Northampton mayor wants to add 7 all-alcohol licenses, continue outdoor dining

  • Bar manager Rayla Shawanda pours an amaro Friday night at the Dirty Truth in Northampton. STAFF PHOTO/DAN LITTLE

Published: 2/6/2023 8:17:38 PM

NORTHAMPTON — Kyle Anderson has a vision that one day his downtown pub will be a place for people to get a full cocktail experience, something he feels is lacking in the area.

“We look at it as an opportunity to draw people in the mixology field to western Mass,” Anderson said.

But for now, that vision is on hold as The Dirty Truth, at 29 Main St., has been unable to secure a coveted all-alcohol liquor license, and is only able to serve a limited number of alcoholic beverages.

That could soon change if the city advances a plan pitched by Mayor Gina-Louise Sciarra last week that calls for asking the state Legislature to approve a special act granting the city seven above-quota all-alcohol liquor licenses, on top of the 32 already allowed in the city.

The number of liquor licenses a municipality may have is based on a formula tied to population, and Northampton has been at its quota for years. The city cannot issue any additional licenses without permission from the Legislature. Sciarra has been in touch with Rep. Lindsay Sabadosa, who has agreed to file the legislation if asked.

In addition to adding to the number of all-alcohol liquor licenses, Sciarra is also asking the council to once again allow certain areas of city property, such as downtown parking spaces, to be converted into outdoor dining areas.

Taken together, the requests are designed to strengthen the recovery of the city’s downtown dining and restaurant businesses.

“I hope we recognize that the more people we bring downtown, the more businesses we have, the better it benefits everybody,” Sciarra said. “We have a lot of venues that haven’t reopened. So we feel it’s critical we do everything we can to try and bring more business downtown.”

All-alcohol licenses

 At last Thursday’s council meeting, Sciarra stressed the need for additional liquor licenses to help the city’s economic development.

“We are struggling to bring in new restaurants because they can’t get a license,” she said.

Currently, there are 32 all-alcohol restaurant licenses in the city, 13 malt and wine licenses, and 17 package store licenses, according to the mayor.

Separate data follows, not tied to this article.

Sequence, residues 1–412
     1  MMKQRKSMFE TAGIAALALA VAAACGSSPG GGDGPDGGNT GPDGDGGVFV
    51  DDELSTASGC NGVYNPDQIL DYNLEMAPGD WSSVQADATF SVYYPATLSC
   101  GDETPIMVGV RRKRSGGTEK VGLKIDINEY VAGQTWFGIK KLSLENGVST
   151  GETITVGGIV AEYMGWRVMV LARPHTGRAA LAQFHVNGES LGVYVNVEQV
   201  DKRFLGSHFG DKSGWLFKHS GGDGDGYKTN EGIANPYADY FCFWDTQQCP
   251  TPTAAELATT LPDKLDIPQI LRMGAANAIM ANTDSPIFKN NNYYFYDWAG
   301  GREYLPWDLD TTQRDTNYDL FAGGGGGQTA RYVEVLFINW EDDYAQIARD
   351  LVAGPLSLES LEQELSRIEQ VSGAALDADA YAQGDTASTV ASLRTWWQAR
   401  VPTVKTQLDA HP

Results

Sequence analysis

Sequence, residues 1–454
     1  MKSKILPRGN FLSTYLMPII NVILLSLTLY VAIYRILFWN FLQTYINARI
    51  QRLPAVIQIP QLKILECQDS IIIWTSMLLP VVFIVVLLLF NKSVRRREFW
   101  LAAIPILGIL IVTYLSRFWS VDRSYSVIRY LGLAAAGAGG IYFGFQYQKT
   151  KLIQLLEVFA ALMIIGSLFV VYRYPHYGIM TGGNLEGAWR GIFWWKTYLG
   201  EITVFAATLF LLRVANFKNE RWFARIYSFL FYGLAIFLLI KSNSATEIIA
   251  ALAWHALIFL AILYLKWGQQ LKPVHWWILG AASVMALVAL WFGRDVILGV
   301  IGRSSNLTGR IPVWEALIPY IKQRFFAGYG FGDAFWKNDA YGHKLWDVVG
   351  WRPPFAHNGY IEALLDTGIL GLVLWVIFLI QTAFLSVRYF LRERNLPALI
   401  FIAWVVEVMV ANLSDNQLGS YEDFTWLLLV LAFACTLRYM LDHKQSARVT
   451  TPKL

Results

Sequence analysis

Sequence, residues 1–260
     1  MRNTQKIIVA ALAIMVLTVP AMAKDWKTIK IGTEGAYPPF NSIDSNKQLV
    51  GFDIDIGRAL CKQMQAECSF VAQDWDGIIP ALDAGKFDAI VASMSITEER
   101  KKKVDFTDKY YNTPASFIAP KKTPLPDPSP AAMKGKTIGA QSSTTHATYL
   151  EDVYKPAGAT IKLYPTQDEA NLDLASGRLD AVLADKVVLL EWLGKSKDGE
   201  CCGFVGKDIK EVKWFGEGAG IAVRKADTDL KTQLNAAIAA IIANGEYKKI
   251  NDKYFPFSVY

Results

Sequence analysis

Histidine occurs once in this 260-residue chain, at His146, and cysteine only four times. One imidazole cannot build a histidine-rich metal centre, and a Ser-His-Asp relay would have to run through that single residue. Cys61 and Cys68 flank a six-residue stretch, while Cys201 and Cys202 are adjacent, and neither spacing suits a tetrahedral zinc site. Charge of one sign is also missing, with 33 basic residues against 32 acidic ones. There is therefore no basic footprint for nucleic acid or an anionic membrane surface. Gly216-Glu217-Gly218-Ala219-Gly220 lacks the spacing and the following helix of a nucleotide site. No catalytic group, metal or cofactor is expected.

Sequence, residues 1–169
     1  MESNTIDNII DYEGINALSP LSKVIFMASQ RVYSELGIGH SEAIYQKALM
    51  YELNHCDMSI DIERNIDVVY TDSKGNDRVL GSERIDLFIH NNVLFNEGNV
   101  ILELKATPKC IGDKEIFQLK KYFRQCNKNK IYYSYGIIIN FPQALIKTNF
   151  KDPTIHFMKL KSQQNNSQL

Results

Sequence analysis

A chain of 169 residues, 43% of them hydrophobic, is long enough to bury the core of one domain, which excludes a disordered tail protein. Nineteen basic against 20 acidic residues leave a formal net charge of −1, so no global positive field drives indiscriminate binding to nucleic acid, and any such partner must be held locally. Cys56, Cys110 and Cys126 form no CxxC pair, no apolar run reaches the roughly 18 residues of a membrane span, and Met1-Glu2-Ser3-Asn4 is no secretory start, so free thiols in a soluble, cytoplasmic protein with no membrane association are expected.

As it stands now, the only way for a business to obtain an all-alcohol license is through a lottery system. The last such lottery took place in January, when Paul and Elizabeth’s, a pescatarian restaurant in Thornes Marketplace on Main Street, secured a license that had previously been issued to Sylvester’s Restaurant, which closed last spring.

Paul and Elizabeth’s was one of four applicants in the running for the licenses, along with The Dirty Truth, Jake’s Restaurant and Teapot.

“It’s been a difficult process where the best way is to pick it out of a hat,” said Anderson of The Dirty Truth. “It’s a fair process, but I think our track record of 16 years should also carry some weight.”

Anderson said the bar currently has a malt and wine license, allowing it to serve beer and wine. Because the bar also serves food, it is also able to serve certain cordials and liqueurs, such as amaro and gin. But with an all-alcohol license, Anderson said, he would be able to bring a full cocktail experience to his establishment.

Alan Wolf, the mayor’s chief of staff, says that the three restaurants at last month’s lottery would likely be among the first considered if the city is granted seven new licenses. The other licenses would be awarded to qualifying businesses.

Sciarra’s request for outdoor dining follows temporary plans that have been used in the last couple of years. She declines to make any permanent changes because there are plans to reconstruct Main Street in two years. The change will allow events such as last year’s Summer on Strong to take place once again this year.

“One of the few benefits of the pandemic has been a reimagining of our public spaces and what we can do with them,” City Councilor Garrick Perry, who also serves as a manager of the music venue Bishop’s Lounge, said. “There was a lot of talk from neighboring communities about how beautiful Summer on Strong was, so this is a great move in the right direction.”

The council voted to move the license order to Committee on Community Resources for consideration, and will vote on passing the order when it appears next on the agenda. The order for outdoor dining will be voted on at the next council meeting held on Feb. 16.

Alexander MacDougall can be reached at

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